For Riggin, the play’s defining line is given to Edna, who looks at her country and finds no place for her family: “My God, Joe,” she says, “the world is supposed to be for all of us.”
Riggin wanted to explore how a similar sense of alienation exists today. With the support of the Carroll School of Management’s Winston Center for Leadership and Ethics, she commissioned new works from contemporary playwrights Melinda Lopez, Kate Snodgrass, and Sheri Wilner to create a 21st-century addendum to Lefty that she called Still Waiting. (The three one-acts respectively turn on workplace discrimination, a nurses’ strike, and the competition for entry-level blue-collar jobs.) The Winston Center also developed programing to frame the four-day production. This included, on October 11, a talk by Christine Chavez, a civil rights and labor advocate, who spoke about her late grandfather Cesar Chavez—his work as an organizer, his record of nonviolent protest—and recent political victories, including passage of California Assembly Bill 1066, which extended farmworker overtime pay. Chavez cited her grandfather’s famous words, “We don’t need perfect political systems. We need perfect participation.”
The following night, the Winston Center screened Herbert Biberman’s Salt of the Earth (1954) in Devlin Hall, a film with a feminist slant in which actual labor organizers and their families played lead parts in a story about striking miners. And just hours before the opening of Waiting for Lefty and Still Waiting, a roundtable discussion took place on the Robsham stage featuring political economist Barry Bluestone, author of Negotiating the Future: A Labor Perspective on American Business (1992); the United Steel Workers’ Donna Blythe-Shaw, an organizer since 1989; Massachusetts State Senator Linda Dorcena Forry ’96, who represents the disproportionately blue-collar First Suffolk District; and two Boston College professors, Marilynn Johnson (history) and David Twomey (business law and society). They placed the drama of Lefty in its historical moment and laid out the path of organized labor since the 1930s.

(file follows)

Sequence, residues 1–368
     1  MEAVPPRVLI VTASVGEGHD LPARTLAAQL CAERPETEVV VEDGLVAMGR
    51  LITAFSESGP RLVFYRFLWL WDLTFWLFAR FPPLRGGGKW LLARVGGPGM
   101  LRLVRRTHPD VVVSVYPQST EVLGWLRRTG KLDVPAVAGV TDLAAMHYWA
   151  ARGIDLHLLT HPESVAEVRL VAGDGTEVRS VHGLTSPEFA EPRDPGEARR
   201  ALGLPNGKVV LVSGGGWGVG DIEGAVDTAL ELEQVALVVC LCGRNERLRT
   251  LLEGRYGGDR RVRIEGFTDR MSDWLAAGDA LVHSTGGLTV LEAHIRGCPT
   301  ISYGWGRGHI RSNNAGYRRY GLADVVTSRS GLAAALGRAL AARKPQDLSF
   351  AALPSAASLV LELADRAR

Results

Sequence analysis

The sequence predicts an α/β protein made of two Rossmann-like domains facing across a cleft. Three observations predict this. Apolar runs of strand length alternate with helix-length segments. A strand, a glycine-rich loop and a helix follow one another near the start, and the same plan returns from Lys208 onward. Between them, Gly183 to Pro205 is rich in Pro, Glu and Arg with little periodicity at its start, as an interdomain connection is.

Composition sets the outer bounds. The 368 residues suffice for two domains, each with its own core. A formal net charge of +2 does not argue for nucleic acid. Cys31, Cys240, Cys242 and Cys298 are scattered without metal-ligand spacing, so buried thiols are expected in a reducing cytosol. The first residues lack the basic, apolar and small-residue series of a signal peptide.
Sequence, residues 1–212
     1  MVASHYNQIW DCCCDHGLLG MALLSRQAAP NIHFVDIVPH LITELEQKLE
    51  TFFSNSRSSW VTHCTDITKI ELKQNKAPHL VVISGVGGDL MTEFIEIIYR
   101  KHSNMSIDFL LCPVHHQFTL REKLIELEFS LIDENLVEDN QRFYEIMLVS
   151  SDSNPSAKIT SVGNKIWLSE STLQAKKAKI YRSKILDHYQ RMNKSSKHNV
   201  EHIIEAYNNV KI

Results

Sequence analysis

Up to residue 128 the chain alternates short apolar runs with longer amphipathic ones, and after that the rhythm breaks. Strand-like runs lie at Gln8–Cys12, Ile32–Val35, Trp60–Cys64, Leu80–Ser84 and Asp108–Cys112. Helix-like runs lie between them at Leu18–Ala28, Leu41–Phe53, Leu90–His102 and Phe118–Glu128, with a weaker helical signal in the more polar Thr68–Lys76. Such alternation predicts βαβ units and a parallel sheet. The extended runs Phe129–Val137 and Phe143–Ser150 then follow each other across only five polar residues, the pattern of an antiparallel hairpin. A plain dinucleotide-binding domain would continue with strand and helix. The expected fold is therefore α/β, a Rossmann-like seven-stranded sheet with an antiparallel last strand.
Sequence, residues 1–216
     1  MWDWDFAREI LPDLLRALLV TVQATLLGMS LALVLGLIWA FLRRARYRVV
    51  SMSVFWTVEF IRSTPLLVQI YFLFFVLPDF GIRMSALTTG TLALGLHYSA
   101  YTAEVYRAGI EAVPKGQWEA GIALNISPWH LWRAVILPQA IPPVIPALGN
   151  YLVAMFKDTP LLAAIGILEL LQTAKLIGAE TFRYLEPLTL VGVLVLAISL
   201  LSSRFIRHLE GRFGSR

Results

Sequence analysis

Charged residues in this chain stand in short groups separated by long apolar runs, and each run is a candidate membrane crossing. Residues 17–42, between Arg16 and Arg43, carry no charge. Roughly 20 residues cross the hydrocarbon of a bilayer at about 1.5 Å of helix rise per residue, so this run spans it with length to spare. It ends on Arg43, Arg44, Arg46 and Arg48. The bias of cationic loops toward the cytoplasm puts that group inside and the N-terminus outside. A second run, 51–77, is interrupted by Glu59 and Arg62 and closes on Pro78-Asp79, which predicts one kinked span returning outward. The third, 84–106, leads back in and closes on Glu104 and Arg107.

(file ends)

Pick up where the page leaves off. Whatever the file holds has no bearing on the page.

Bluestone explained that, in the 1950s and 1960s, labor unions enjoyed public support because they were seen to be “struggling not just for their own members but for the good of the entire working class.” Picking up the point, Blythe-Shaw encouraged a broader definition of organized labor. “The way I look at things,” she said, “every one of us in here is a worker. Unless you have independent means, you’re a worker.”
Later, Anabel Johnson ’20, who played Florrie in Waiting for Lefty, offered her interpretation. “The show is about more than unions,” she said. “It’s about how people have the power to change things, to vote, and to strike, and to live our lives the way we want to live them, rather than take the easy path.”
At the Friday evening production of Lefty, costumed in the suspenders and cuffed shirtsleeves of 1930s taxi drivers, or in the housedresses of their wives and coworkers (Riggin cast women to play traditionally male parts), the student actors argued, shouted, brooded, and fought among themselves. And at the conclusion, just as in 1935, the ensemble turned and faced the audience. With fists raised and voices hoarse, they cried, “Strike!” and the crowd applauded warmly.
Christopher Amenta is a Boston area writer.